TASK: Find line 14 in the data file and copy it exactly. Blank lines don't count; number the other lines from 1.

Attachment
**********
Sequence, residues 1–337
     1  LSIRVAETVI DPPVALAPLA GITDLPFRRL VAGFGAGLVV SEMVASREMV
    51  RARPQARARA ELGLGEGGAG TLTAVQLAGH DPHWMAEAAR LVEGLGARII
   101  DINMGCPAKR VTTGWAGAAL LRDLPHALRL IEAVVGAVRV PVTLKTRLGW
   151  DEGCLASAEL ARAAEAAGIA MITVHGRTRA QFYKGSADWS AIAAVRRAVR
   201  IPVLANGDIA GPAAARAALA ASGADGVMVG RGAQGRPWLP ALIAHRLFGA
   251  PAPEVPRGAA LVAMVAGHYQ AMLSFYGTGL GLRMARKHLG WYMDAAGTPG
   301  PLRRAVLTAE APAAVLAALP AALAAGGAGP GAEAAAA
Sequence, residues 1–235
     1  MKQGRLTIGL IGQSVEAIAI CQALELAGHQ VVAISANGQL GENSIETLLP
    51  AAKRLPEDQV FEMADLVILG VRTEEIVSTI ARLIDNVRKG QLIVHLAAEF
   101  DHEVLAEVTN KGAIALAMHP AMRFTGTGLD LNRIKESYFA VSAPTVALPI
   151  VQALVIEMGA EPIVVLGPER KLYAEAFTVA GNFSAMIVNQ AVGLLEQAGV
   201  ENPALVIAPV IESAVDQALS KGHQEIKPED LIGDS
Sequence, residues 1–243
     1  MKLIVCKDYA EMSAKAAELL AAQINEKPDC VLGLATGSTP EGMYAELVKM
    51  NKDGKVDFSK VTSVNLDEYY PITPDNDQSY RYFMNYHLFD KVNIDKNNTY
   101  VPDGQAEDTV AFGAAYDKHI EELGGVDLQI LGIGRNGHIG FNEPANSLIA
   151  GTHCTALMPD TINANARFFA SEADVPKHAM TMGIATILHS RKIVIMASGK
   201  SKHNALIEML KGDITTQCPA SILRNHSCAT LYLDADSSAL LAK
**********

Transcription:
   201  ENPALVIAPV IESAVDQALS KGHQEIKPED LIGDS